Extinct mega-shark had teeth more like those of dinosaurs than their modern relatives

New research by scientists in Germany has uncovered a curious difference between present-day shark teeth and those of their prehistoric relatives. Although the tooth structure of extinct sharks, like the giant Megalodon, was remarkably similar to great whites and other modern-day sharks, the material they were made from bore a closer resemblance to dinosaur teeth and hints that this change in composition might be down to a dramatic environmental change.

Most animal teeth contain a layer of hard enamel, a soft dentin middle and inner pulp. Dentin and enamel are usually composed of the mineral hydroxyapatite but modern-day sharks differ; their enamel equivalent uses fluoroapatite.

‘The abundance of fossil teeth is ideal to compare extinct groups and their successors,’ explains Matthias Epple from the University of Duisburg-Essen, Germany, whose team studied the composition and structure of teeth from extinct sharks and dinosaurs.

The tooth mineral in all extinct sharks was fluoroapatite for both dentin and enamel; although their shape was conserved over millions of years, in modern sharks their composition is very different, with fluoroapatite only existing in the enamel. Dinosaurs also used fluoroapatite in both their dentin and enamel.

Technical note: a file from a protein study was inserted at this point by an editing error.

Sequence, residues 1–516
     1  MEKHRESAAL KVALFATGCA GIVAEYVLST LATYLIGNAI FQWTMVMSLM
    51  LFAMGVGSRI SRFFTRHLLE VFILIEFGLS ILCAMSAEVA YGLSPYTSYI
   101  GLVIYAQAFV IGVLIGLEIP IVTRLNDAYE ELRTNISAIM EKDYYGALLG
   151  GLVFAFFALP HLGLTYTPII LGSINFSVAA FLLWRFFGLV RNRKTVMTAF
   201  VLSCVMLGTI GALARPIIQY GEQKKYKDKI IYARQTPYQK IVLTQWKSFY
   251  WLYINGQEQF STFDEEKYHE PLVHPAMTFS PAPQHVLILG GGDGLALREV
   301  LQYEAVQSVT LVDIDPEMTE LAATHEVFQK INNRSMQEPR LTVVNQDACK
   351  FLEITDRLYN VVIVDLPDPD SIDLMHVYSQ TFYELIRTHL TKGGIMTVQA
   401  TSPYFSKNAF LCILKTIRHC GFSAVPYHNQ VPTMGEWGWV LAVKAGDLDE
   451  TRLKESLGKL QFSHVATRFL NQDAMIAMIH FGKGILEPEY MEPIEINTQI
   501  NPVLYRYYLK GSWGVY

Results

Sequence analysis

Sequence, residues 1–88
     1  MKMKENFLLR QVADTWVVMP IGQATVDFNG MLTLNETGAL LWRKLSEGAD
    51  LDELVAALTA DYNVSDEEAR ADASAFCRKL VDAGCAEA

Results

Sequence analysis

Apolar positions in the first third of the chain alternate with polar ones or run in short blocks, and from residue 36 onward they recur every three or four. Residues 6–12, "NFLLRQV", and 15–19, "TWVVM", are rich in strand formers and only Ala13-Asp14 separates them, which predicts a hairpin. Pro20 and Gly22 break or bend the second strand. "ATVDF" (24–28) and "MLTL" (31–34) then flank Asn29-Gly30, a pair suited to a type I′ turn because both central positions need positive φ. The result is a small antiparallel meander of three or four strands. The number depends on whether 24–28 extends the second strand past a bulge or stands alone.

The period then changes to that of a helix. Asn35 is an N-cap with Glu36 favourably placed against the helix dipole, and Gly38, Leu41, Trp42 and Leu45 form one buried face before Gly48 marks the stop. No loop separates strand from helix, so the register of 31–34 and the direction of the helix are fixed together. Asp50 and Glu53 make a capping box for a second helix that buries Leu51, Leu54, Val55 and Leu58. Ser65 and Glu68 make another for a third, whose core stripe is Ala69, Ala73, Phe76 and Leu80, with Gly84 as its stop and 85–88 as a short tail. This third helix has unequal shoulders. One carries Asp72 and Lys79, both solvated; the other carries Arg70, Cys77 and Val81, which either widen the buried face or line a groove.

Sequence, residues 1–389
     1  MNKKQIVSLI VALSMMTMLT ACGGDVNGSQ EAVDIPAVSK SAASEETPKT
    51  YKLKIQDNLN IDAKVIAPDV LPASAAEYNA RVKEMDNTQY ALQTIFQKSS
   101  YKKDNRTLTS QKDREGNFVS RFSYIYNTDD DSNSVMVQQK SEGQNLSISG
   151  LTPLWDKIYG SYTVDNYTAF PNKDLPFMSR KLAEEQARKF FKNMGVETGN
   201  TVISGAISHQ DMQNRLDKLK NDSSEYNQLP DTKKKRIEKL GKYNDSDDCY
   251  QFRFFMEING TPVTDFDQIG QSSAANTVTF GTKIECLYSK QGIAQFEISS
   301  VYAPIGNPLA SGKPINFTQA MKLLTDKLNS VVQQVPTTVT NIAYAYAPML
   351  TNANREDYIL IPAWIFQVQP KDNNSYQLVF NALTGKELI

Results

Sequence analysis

‘Our results indicate a change in tooth mineralisation after the Cretaceous period, perhaps related to environmental changes, that made fluoroapatite unfavourable,’ comments Epple. Fluoride is scarce in seawater; sharks must harvest it from a diluted system, which is important for a species that regularly sheds teeth. ‘Maybe this is why sharks changed to hydroxyapatite in their dentin?’ he adds.

Henry Teng, an expert in natural minerals from George Washington University in the US, describes the research as very intriguing. ‘If it occurs widely, it may have implications for the Earth’s environmental evolution. If the mineral change gave no biological advantage, I imagine tectonic or asteroid events may have reduced the availability of fluoride on the Earth’s surface.’

The study raises further questions about fluoroapatite. At pH4 – for example in acidic fruit – fluoroapatite releases toxic hydrogen fluoride. For sharks and plesiosaurs, this would be washed away, but on land it would remain in the mouth. ‘The carnivores might not have eaten fruits, but may have encountered acids when eating their prey. However, the dose was possibly too small to be harmful so I do not think that dinosaurs became extinct due to the uptake of fluoride from their teeth,’ concludes Epple.